The Evangelical Identity, Part 3

There have always been differences of opinion among evangelicals about doctrine. Churches tend to be gathered around their viewpoints on what I call "the major minors": issues of doctrine that tend to be distinctives of a particular group or church. Among those are mode of baptism, millennial issues, and spiritual gifts. These kinds of doctrinal differences had nothing to do with the essence of Christianity. Believers with different persuasions on these issues still had the fundamental doctrines of Christianity in common.

But not today.


  • We have an ongoing discussion about the nature of Scripture, including lines like "we need to be careful not to elevate the [printed] word above the [living] Word." If you have any familiarity with the liberal-fundamentalist debates of the early 1900's, that sounds like, as Yogi Berra is alleged to have said, "Deja vu all over again."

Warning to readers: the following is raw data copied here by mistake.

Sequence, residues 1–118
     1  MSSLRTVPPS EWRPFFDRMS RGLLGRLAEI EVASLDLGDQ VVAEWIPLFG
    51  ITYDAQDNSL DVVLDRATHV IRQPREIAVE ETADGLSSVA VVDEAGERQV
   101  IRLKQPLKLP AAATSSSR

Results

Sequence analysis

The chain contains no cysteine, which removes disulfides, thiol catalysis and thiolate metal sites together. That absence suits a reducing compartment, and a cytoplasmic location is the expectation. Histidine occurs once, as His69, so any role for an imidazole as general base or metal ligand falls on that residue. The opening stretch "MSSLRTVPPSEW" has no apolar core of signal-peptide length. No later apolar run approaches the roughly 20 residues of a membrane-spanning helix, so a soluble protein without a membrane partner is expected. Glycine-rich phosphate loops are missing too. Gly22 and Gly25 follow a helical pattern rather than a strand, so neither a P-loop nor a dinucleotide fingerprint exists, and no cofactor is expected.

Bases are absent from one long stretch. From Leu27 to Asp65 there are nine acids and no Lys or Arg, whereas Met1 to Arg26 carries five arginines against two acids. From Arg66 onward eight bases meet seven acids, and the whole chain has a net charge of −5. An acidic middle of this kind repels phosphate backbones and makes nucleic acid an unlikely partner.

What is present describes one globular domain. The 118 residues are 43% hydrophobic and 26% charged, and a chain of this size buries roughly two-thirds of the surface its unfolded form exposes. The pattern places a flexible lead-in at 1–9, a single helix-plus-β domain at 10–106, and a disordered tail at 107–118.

• There is a growing acceptance of the idea that salvation can be found apart from personal faith in Christ. The subtle, deadly form of this argument is that while there is no salvation outside of Christ, a person need not embrace Christianity to be redeemed. The more "pop" expression is found in the TD Jakes quote that was floated this week.
  • N.T. Wright, whose views on justification depart from what the church has understood for centuries, recently had no problems embracing a brother scholar who denied the bodily resurrection of Christ.
  • Mark Dever wrote an excellent piece in Christianity Today about the atonement. Because he wanted to help all of evangelicalism to defend this crucial doctrine against liberal rejection? No! Because, as the lead-in line for the CT article says, "More and more evangelicals believe Christ's atoning death is merely a grotesque creation of the medieval imagination." Dever [correctly] says that "At stake is nothing less than the essence of Christianity."

I could go on. In fact, I could go on for quite awhile.

Sounds a lot different than debating over baptism or when Jesus is coming back, doesn't it?

I'm writing this in very small chunks. I'll finish up with some comments about what I think needs to be happening in light of these serious, crucial denials of the heart of the Christian faith by those who still consider themselves to not only be Christians, but evangelical Christians.